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Math Help - multivarible extremum point

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    multivarible extremum point

    Let f(x,y)=((x^(2)y^(2))/(x^(2)+y^(2))), classify the behavior of f near the critical point (0,0).
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  2. #2
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    Quote Originally Posted by bobby77 View Post
    Let f(x,y)=((x^(2)y^(2))/(x^(2)+y^(2))), classify the behavior of f near the critical point (0,0).
    I don't know how you are supposed to approach this on your course,
    but the following works:

    Along the x \, and y\, axes the function is a constant equal to zero. Along
    any other ray through the origin we may put y=\lambda x\,, when:

    f(x,\lambda x)=\frac{\lambda^2 x^2}{1+\lambda^2}\,

    which has a quadratic like mininum at x=0\,.

    A surface plot shows what this looks like (see attachment)

    (this assumes that we give the function a value of 0\, at x=y=0\,)

    RonL
    Attached Thumbnails Attached Thumbnails multivarible extremum point-gash.jpg  
    Last edited by ThePerfectHacker; February 7th 2007 at 11:33 AM.
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    Quote Originally Posted by CaptainBlank View Post
    I don't know how you are supposed to approach this on your course,
    but the following works:
    I think he wants it done through the second partials test.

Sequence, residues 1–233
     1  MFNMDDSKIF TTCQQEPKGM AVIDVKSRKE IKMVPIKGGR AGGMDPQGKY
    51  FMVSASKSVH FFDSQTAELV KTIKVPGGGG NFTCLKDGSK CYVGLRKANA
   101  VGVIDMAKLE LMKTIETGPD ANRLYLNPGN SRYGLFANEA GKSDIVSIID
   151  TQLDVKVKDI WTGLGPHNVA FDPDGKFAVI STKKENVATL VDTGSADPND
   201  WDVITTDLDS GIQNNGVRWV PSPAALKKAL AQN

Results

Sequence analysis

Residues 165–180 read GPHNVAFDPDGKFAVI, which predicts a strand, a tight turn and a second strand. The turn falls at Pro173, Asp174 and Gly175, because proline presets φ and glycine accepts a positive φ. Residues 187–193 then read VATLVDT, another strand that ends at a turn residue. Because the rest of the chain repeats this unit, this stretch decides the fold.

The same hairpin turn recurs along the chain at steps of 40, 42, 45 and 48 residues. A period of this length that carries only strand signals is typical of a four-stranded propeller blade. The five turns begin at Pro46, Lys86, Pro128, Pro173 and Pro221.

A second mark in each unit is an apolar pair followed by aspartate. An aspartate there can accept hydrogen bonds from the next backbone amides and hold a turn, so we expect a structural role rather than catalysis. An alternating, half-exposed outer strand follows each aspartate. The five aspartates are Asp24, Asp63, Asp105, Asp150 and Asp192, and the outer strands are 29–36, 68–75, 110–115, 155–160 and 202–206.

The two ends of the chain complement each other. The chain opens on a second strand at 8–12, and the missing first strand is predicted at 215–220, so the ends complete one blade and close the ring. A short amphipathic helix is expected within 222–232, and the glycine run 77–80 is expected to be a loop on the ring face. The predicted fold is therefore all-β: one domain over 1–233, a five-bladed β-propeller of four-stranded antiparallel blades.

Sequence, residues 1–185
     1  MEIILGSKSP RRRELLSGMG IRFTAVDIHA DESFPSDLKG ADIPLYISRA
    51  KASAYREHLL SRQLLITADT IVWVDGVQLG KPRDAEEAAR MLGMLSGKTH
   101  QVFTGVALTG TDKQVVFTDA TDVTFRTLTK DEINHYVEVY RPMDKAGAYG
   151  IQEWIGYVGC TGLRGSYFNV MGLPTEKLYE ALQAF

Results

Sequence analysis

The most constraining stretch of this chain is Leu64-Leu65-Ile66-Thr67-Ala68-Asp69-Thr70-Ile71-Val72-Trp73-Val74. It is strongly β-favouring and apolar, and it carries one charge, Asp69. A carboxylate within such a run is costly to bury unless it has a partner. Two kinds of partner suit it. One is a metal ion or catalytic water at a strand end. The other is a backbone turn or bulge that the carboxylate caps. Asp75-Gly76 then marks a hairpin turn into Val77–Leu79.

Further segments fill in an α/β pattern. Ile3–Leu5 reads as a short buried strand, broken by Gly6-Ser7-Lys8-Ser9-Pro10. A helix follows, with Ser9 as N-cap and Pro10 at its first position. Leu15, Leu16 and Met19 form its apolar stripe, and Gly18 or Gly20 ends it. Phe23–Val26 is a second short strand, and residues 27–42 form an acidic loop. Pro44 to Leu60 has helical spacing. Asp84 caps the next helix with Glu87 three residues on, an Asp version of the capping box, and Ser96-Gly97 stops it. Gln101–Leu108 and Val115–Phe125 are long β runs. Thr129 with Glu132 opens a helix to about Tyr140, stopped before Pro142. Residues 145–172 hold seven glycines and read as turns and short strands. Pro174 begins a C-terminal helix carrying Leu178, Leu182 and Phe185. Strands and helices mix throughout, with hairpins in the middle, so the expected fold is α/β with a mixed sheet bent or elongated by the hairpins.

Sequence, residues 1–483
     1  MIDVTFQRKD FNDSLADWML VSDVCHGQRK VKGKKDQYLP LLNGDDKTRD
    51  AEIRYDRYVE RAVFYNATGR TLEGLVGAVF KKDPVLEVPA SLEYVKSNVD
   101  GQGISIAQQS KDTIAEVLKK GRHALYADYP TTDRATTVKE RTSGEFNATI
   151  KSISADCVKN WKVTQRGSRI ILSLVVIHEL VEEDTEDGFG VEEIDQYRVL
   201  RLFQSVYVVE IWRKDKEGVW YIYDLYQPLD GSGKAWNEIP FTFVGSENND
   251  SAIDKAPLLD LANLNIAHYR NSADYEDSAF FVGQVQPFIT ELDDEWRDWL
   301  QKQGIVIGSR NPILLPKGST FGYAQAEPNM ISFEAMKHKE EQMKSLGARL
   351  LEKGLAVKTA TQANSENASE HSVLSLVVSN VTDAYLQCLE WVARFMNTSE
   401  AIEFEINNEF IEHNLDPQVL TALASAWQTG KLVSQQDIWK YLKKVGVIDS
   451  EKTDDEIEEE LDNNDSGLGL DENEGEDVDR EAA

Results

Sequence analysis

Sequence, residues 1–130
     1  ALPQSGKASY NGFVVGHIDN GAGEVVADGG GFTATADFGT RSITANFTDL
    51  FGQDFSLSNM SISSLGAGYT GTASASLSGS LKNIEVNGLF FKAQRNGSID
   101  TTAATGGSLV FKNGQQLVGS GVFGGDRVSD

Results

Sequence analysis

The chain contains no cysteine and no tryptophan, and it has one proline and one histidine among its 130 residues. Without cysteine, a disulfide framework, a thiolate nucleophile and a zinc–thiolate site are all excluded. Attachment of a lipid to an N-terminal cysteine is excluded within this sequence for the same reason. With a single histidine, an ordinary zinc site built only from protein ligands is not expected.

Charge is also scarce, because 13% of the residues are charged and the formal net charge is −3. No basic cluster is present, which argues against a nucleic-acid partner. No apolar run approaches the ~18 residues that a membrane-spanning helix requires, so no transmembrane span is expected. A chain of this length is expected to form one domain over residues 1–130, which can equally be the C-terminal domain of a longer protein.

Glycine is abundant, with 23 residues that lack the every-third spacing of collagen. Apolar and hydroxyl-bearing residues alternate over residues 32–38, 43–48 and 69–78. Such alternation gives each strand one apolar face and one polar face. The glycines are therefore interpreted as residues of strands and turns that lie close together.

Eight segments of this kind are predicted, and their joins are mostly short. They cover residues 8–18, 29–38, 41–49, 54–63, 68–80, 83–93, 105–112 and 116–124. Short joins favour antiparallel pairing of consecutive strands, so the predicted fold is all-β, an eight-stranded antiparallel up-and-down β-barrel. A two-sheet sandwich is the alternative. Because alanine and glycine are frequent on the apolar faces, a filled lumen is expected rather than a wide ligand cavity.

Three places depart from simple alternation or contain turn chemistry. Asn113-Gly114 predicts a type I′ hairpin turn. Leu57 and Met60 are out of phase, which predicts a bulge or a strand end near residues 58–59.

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    Quote Originally Posted by ThePerfectHacker View Post
    I think he wants it done through the second partials test.
    In this case that will be inconclustve (I think, I haven't checked)

    RonL
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    Quote Originally Posted by CaptainBlack View Post
    In this case that will be inconclustve (I think, I haven't checked)

    RonL
    You mean, a saddle point.

    I agree with that, because by different views (planes) the point is both a maximum and minimum. Hence it is neither.
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    Quote Originally Posted by ThePerfectHacker View Post
    You mean, a saddle point.

    I agree with that, because by different views (planes) the point is both a maximum and minimum. Hence it is neither.
    No the determinant of the Hessian is indeterminate. The point is tippling on
    the edge of being a saddle point, but is not quite there.

    The point is a minima.

    RonL
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